One would think that teaching the lessons of the Holocaust in schools would be a given in the United States. After all, it is an essential component in learning about world history, the rise of fascism, World War II, and genocide, all of which are already part of any respectable high school history curriculum.
But recent incidents of students appropriating and abusing Holocaust imagery have served as a reminder and a wake-up call for the need to teach the universal lessons of the Holocaust to help ensure that the next generation is getting the fullest understanding possible of the implications of the Nazi genocide of six million Jews and millions of others in Europe.
Last November, a shocking photo surfaced of at least 60 high school boys in Baraboo, Wisconsin making Nazi salutes on the steps of a local courthouse before their high school junior prom. At a time of rising hate crimes and anti-Semitic incidents, these boys’ thoughtless, nonchalant gesture reminded us not to be complacent about the need to teach the universal lessons of the Holocaust, and the consequences of bigotry and hate. And a recent national survey revealed that Americans are forgetting – or never knew -- basic facts about the Holocaust.
To date, only 11 states across the country currently have laws mandating Holocaust education; other states recommend inclusion of Holocaust education themes in the curriculum. Unfortunately, every law is different.
The most comprehensive state laws provide funding and age-appropriate educational resources, specifically defining the time parameters of the Holocaust and the targets of the Nazis genocidal policies. The best state laws would provide guidance on how instruction about the Holocaust can be integrated within state mandates for history, social studies, and other language arts courses.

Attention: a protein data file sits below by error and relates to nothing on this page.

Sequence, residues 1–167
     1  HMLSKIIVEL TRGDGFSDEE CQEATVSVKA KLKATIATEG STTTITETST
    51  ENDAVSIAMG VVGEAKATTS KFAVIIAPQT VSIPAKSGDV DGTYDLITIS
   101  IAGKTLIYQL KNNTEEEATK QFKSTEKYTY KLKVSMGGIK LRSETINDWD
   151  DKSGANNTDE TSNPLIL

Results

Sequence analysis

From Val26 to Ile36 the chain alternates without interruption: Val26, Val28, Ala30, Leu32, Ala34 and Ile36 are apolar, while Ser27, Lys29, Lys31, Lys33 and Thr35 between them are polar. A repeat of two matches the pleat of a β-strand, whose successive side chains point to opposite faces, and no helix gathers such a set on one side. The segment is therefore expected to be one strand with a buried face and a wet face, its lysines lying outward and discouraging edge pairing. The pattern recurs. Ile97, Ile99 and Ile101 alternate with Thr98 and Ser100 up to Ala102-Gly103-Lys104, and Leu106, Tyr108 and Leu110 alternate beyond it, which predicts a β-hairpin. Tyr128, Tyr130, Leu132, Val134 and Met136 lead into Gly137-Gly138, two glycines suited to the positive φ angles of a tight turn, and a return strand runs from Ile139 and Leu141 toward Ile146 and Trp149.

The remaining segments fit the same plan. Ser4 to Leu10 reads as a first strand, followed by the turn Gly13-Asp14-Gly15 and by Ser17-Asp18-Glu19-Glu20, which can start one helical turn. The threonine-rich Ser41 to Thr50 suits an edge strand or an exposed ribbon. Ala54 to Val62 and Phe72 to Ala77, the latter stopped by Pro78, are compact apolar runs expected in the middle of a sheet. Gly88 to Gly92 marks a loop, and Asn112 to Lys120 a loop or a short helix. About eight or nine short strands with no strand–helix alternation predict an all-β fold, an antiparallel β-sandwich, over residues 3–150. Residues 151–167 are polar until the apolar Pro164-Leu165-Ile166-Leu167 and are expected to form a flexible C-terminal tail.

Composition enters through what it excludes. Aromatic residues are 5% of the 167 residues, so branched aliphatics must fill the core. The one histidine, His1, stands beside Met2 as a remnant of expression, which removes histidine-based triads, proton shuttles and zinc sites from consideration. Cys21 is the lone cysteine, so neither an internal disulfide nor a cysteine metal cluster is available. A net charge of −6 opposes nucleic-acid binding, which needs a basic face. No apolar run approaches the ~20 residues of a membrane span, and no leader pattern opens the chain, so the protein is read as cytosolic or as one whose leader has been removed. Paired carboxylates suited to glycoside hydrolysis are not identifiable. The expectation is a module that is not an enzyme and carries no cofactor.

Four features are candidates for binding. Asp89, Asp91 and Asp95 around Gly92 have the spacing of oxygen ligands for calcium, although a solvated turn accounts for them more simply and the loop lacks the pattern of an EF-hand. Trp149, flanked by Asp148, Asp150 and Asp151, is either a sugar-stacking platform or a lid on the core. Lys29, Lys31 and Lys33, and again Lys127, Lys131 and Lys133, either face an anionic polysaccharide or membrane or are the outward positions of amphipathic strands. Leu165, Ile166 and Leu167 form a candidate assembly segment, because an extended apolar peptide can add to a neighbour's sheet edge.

Fortunately, there is new energy now behind federal and state initiatives to promote Holocaust education.
At the federal level, longtime Holocaust education champion Rep. Carolyn B. Maloney (D-NY) and Rep. Elise Stefanik (R-NY) recently introduced the Never Again Education Act, legislation which would create a new grant program at the U.S. Department of Education to provide teachers across the U.S. with the necessary resources to teach about the Holocaust in their classrooms.
The legislation is designed to assist teachers with overcoming the many obstacles teachers face when teaching the Holocaust, including a lack of awareness of where to find resources; a lack of funding to take advantage of these resources and training programs; and a lack of knowledge for how to incorporate the subject into their curricula.
ADL supports this bipartisan legislation because we believe strongly that learning about the Holocaust and lessons of unchecked anti-Semitism and racism is one of the best ways to fight prejudice and discrimination, and to help ensure that genocide and such atrocities never happen again.
By encouraging curriculum experts at the Department of Education to work with private Holocaust education centers and other experts, this bill provides an innovative forum for competitive grants, regional workshops, valuable training programs, curriculum and other resources.